Cevdet Erek, 'A Room of Rhythms – Otopark', 2015, mixed media and additional architecture elements. Installation view at Garage Boazkesen, 14th Instanbul Biennial. Photo by Sahir Ugur Eren. Image courtesy the artist and Istanbul Biennial.

Cevdet Erek, ‘A Room of Rhythms – Otopark’, 2015, mixed media and additional architecture elements. Installation view at Garage Boazkesen, 14th Instanbul Biennial. Photo: Sahir Ugur Eren. Image courtesy the artist and Istanbul Biennial.

Cevdet Erek (b. 1974, Istanbul) trained in architecture, music and sound design. His work combines video, sound and images in site-specific installations that attempt to alter the viewer’s perception of a given space. In 2012, Erek received the Nam Jun Paik award for media art, and his work has been exhibited internationally, including MAXXI, Rome (2014), Istanbul Modern (2014), Marrakech Biennale 5 (2014), Palais de Tokyo, Paris (2013), Sharjah Biennial 11, Sharjah (2013), 7th Asia Pacific Triennial of Contemporary Art (2012), dOCUMENTA (13), Kassel (2012), Ungovernables – 2012, New Museum Triennial, New York (2012) and Tate Modern, London (2011).

Beyoğlu Otopark (Boğazkesen Cad.) / Garage (Boğazkesen St.), Hacımimi Mah. Boğazkesen Cad. No: 108/A, 34425 Beyoğlu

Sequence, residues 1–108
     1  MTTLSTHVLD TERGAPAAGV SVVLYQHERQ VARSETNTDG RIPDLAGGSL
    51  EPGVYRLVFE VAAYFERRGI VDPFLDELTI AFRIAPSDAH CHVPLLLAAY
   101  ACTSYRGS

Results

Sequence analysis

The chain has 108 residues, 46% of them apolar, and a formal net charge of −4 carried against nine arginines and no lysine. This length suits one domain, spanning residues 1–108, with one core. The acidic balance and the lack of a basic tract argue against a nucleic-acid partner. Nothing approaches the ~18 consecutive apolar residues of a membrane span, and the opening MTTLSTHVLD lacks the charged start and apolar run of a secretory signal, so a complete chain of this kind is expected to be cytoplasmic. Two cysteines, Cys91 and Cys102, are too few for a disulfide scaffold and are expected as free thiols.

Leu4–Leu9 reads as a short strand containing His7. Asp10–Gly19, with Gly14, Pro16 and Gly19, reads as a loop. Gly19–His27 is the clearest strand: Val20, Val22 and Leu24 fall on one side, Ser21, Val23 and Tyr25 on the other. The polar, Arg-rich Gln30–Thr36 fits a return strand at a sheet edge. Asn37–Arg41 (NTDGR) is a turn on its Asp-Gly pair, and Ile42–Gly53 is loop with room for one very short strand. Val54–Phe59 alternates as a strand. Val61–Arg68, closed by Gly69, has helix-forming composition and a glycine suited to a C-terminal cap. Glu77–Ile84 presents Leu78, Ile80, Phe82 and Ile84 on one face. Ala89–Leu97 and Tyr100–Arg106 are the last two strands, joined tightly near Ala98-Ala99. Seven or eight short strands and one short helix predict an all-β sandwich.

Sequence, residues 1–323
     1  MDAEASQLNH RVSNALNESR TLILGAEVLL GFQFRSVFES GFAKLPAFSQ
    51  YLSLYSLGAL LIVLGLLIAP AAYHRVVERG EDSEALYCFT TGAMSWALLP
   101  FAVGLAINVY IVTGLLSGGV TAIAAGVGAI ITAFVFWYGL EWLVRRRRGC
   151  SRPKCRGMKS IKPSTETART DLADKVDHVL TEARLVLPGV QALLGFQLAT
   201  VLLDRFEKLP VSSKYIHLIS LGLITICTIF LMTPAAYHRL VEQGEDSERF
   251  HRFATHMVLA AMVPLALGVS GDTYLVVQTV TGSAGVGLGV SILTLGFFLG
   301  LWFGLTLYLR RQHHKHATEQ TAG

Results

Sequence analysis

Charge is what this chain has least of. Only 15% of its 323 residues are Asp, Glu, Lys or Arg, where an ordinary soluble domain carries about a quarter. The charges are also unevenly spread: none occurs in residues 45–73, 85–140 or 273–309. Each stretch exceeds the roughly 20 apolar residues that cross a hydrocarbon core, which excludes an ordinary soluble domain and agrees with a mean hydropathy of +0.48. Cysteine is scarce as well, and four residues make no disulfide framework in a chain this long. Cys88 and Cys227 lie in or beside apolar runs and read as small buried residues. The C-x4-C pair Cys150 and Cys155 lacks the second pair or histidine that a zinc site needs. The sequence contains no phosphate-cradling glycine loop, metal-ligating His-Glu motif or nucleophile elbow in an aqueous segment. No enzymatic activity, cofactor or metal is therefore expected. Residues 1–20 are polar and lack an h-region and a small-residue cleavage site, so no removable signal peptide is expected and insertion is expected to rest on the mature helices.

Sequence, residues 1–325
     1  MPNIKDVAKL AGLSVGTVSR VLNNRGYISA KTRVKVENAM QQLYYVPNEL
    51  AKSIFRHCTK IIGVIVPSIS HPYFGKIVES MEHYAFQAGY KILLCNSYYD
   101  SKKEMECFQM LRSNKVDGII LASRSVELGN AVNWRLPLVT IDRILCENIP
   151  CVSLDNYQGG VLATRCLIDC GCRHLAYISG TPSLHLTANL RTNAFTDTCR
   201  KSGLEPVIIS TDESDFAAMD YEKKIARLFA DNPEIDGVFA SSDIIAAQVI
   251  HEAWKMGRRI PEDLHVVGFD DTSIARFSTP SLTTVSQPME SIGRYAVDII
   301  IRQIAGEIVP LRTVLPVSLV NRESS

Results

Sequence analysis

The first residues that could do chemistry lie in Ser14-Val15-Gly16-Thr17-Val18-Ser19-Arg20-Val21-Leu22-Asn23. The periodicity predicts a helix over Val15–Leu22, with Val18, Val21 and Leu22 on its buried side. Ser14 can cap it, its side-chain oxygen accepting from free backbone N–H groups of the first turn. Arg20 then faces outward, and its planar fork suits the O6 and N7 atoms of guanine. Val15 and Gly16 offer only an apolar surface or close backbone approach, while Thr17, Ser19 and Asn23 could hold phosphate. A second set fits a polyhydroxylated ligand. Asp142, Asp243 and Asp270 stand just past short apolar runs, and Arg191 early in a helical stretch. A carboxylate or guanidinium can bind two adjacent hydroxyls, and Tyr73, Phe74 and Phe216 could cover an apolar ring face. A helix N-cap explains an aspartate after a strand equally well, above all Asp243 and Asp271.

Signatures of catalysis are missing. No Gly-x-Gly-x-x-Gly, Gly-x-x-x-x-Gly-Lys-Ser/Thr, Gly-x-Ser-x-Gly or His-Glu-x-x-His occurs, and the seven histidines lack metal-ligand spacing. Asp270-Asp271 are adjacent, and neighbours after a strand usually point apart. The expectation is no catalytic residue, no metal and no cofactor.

Deniz Gül, 'Stone (Manuscripts Don't Burn)', 2015, carved linden tree (2 elements). Installation view at abandoned apartment, 14th Istanbul Biennial. Photo by Sahir Ugur Eren. Image courtesy the artist and Istanbul Biennial.

Deniz Gül, ‘Stone (Manuscripts Don’t Burn)’, 2015, carved linden tree (2 elements). Installation view at abandoned apartment, 14th Istanbul Biennial. Photo: Sahir Ugur Eren. Image courtesy the artist and Istanbul Biennial.

4. Deniz Gül – Stone (Manuscripts Don’t Burn) (2015)

Deniz Gül’s site-specific installation Stone (Manuscripts Don’t Burn) (2015) is situated in an old Greek apartment building from 1915 in Beyoğlu. After the Greeks left, the building passed through three Turkish proprietors. The artist used carved and burned wood pieces to ‘re-furbish’ the ceiling of two abandoned rooms, with motifs referencing a particular era during which many Mediterranean countries were united under the influence of Islam – the Ottoman Empire (1301-1922). As Gül writes in her statement, the ceiling forms a boundary with the exterior, as an “interior sky” under which “a person dreams”.